November 20, 2008
Young innovators are changing everything from theoretical mathematics to cancer therapy.
by Andrew Grant, Sarah Webb, Emily Anthes, Yudhijit Bhattacharjee, Jullianne Pepitone, Elizabeth Svoboda.
Neuroengineer, MIT Media Lab
Certain species of bacteria and algae have genes that allow them to transform light into electrical energy. Edward Boyden, 29, has been able to show that inserting one of these genes into a neuron can make it similarly responsive. “When we illuminate these cells...we can cause them to be activated,” he says.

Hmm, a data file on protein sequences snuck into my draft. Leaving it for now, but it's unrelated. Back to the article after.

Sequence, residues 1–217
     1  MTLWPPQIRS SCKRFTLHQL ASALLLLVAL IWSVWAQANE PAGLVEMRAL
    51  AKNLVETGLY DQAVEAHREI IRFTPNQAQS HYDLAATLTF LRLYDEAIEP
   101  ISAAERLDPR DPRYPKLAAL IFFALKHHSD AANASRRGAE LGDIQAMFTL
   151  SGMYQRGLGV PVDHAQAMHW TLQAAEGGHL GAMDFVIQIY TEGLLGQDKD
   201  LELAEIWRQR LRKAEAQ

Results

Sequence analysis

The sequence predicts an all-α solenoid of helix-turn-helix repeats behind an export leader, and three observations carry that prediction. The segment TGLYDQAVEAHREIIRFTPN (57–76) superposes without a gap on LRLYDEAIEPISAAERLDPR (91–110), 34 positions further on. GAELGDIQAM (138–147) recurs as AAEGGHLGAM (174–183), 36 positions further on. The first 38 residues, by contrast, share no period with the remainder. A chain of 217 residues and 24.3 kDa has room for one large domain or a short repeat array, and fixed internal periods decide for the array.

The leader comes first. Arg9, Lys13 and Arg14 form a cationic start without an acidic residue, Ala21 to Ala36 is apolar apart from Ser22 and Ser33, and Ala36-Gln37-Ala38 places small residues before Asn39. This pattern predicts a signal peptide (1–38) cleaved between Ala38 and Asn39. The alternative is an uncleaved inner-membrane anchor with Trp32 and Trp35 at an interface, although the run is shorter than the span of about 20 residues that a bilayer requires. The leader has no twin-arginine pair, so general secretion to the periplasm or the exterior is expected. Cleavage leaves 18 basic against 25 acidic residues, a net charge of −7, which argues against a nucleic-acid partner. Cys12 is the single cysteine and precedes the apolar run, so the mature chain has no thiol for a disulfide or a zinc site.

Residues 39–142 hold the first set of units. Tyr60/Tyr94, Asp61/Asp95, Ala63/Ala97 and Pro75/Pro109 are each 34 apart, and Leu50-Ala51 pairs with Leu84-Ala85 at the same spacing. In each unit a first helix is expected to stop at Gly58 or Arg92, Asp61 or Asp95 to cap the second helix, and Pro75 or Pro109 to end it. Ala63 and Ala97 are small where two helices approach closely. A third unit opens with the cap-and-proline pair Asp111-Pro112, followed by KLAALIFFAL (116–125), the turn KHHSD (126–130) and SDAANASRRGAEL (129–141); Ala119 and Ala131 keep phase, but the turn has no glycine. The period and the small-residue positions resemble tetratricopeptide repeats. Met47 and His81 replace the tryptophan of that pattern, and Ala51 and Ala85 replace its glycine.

Having created such genetically modified neurons, Boyden is engineering brain implants that can stimulate them with light pulses. Boyden’s implants, he hopes, will be used to help control diseases like Parkinson’s, which is sometimes treated with implanted stimulators that issue electric current. “There are things that light can do that purely electric stimulators can’t,” Boyden says. With this technology, researchers can be selective about which neurons they engineer to be responsive, and an optical implant can emit light in a variety of patterns, allowing more precise control over neural circuits. E. A